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close this bookUNAIDS Technical Update Mother-to-Child Transmission of HIV - Update 1.2 (UNAIDS, 2001, 9 p.)
View the documentIssues for Policy decision options
View the documentPotential operational packages for countries of East Asia and Pacific
View the documentConclusion: Crosscutting issues for scaling up
View the documentAcronyms
View the documentBibliography

Conclusion: Crosscutting issues for scaling up

1. There is now a large range (figure 11) of potential interventions, which are effective for PMTCT. In this menu of interventions each country is to choose the intervention most appropriate to its own epidemiological, economic, and health system situation.

2. Although the intervention regimens are still not fully defined, there is enough information about ARV and VCCT to move towards to scaling up. VCCT and ARV are cost-effective strategies that reduce MTCT regardless of the mode of infant feeding.

3. As illustrated in Phayao Province, Northern Thailand, 1998: 97% of pregnant women had ANC, 94% were tested for HIV, of which 4% tested positive; 95% of these returned for confirmation, 76% initiated ARV treatment and 71% finished the treatment. This implies that in large-scale PMCT programs, VCCT and ARV effectively covered 69% of the estimated total number of HIV+ mothers.

4. In contrast, current knowledge points to the dangers of going to scale with replacement feeding in contexts where women will have low education, low access to water, low economic means, and strong cultural pressures to breastfeed. Emphasising replacement feeding in those contexts may fuel the mixed feeding practice for mothers who will have no other choice than breastfeeding, yet will try to follow the recommendations to replacement feed.

5. Regimens combining ARV during delivery, exclusive breastfeeding with ARV prophylaxis in children followed by early cessation of breastfeeding are likely to prove very cost-effective in reducing MTCT on a population basis and may even prove more effective in improving child survival than replacement feeding plus ARV.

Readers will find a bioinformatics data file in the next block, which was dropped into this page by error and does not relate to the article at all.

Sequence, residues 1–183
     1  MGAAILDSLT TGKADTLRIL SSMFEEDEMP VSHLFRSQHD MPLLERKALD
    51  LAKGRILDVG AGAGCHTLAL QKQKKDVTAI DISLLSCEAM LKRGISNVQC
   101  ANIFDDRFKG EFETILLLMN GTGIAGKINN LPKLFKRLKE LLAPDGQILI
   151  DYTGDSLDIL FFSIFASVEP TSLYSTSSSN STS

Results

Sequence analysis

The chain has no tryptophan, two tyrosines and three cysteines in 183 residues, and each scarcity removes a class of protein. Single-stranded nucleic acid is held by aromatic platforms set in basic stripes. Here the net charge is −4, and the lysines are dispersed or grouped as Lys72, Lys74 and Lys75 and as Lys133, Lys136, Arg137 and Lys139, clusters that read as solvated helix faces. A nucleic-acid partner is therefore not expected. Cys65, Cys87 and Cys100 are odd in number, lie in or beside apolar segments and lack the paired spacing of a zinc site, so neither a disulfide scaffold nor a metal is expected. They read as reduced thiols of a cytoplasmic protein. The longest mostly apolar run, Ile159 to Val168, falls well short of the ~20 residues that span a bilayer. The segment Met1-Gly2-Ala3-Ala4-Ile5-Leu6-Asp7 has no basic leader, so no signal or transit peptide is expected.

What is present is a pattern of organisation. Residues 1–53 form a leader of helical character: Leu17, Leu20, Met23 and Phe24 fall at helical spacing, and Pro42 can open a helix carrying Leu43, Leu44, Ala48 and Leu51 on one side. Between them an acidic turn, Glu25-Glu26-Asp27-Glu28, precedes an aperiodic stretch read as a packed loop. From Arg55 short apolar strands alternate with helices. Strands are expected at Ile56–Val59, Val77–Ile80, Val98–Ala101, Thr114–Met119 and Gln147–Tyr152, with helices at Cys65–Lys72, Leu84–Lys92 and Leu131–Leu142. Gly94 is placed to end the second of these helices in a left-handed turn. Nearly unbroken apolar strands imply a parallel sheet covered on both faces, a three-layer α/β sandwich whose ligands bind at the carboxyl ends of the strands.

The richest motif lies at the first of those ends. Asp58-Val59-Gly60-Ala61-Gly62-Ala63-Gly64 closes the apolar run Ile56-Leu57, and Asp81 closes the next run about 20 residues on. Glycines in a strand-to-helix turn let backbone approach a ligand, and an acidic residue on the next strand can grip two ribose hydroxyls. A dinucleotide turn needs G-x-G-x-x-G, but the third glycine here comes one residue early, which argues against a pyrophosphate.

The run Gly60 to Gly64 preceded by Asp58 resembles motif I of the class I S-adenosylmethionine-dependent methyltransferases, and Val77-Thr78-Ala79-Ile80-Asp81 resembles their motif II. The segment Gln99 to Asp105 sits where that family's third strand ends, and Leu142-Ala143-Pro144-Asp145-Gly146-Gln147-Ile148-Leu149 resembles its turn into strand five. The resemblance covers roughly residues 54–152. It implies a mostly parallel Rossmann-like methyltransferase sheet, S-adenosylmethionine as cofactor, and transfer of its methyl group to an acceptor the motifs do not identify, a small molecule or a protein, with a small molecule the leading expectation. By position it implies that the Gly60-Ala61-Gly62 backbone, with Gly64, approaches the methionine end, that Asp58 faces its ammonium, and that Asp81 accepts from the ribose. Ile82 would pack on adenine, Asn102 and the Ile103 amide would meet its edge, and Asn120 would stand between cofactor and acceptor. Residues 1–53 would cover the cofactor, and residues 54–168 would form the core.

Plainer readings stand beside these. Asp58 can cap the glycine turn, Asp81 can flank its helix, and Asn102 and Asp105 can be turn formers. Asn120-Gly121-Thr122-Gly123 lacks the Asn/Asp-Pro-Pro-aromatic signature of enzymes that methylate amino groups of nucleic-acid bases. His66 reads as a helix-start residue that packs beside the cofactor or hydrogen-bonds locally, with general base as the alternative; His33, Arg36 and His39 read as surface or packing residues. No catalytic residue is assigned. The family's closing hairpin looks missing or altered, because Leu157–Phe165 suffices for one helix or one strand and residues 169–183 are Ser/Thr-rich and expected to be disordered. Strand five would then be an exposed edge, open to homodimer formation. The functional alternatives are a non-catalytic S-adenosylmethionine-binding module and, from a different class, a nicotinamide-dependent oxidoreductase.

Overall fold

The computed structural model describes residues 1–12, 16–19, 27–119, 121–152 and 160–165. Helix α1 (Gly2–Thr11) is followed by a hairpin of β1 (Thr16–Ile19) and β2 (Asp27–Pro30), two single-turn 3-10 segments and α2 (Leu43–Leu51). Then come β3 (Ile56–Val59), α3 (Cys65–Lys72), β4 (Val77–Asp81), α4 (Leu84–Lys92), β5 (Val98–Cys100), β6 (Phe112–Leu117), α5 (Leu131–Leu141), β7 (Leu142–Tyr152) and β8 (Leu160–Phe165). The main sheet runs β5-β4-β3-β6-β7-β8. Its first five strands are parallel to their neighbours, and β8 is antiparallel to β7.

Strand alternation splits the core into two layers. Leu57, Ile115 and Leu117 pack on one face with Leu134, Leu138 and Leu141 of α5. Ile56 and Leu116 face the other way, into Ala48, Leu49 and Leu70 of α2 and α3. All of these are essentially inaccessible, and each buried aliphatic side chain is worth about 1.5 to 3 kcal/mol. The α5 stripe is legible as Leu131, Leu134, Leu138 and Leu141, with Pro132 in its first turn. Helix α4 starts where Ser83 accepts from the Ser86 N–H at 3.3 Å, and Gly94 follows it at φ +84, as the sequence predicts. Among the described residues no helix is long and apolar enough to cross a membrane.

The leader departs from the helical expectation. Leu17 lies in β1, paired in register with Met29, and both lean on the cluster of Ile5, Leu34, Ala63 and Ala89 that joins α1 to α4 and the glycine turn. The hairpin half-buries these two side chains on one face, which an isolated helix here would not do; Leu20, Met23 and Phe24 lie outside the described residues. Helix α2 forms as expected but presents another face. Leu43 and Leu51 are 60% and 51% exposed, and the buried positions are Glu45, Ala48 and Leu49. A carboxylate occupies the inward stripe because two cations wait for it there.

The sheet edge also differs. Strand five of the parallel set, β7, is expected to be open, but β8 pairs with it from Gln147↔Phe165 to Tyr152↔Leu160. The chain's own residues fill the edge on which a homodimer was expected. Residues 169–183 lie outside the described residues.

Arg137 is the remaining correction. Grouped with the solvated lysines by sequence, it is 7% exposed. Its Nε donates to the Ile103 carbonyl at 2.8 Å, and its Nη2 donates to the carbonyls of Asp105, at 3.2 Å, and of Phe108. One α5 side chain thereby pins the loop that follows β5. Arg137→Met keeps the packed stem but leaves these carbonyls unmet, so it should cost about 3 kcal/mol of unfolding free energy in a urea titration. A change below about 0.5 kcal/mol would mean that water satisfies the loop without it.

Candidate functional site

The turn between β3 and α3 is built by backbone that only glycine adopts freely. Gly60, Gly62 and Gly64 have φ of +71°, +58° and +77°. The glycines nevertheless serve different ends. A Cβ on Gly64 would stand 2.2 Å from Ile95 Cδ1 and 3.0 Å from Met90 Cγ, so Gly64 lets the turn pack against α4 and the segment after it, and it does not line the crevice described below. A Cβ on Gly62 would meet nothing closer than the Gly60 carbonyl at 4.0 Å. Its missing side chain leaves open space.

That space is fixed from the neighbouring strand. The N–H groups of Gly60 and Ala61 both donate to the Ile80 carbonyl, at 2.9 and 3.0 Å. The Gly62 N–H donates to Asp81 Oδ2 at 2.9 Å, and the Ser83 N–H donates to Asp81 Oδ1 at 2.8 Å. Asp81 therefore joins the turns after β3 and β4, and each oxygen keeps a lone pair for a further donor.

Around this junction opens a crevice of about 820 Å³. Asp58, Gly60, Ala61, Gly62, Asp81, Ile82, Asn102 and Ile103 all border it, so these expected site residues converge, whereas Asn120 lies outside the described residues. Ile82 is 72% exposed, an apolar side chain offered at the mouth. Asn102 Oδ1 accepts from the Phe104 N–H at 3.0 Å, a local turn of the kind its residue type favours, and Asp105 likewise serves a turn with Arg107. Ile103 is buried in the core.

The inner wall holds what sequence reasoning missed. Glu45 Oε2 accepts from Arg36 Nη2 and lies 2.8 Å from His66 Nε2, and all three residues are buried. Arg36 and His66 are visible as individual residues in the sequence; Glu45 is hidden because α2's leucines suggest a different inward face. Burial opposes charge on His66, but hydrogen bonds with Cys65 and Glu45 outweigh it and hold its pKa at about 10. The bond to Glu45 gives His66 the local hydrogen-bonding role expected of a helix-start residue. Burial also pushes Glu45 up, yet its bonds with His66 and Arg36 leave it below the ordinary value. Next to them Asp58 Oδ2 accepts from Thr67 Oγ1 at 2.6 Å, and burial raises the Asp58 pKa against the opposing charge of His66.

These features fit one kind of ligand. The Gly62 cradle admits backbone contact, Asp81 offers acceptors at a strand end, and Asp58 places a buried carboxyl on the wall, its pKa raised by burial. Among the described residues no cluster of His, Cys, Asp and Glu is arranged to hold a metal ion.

6. The approach to envisioning implementation is to be discussed: are women to be recipients or stakeholders? VCCT can be seen as an empowering long-term oriented strategy, whereas ARV is an outcome oriented emergency strategy. Should both progress at the same pace or should we phase the implementation of emergency measures and capacity building measures along different time and space schedules?

7. A core package (or several options of core packages to depend on the country context) to be offered to HIV+ pregnant women and their families is to reduce not only MTCT but also overall U5 mortality rate. What is the right balance for scaling up between ARV only and a full package (life skills, condoms, VCCT, ARV, replacement feeding) with support to HIV affected families including orphans?

8. There is a need to scale up in order to broaden health economic studies beyond the cost-effectiveness of alternative regimens to address MTCT in isolation (well established now and of little concern to countries) to analysis of cost-effectiveness in terms of child survival, allocative efficiency, and affordability. This includes:

· Analysis of the costs and benefits in terms of both child survival and decrease of the HIV epidemic from the full package of MCH services to be offered to HIV+ pregnant women

· Analysis of the opportunity costs of investing in this intervention as compared to investing in other activities to decrease child and maternal mortality as well as the spread of HIV

· The development of financing scenarios taking into account government, household (identifying the demand of women), and donor contributions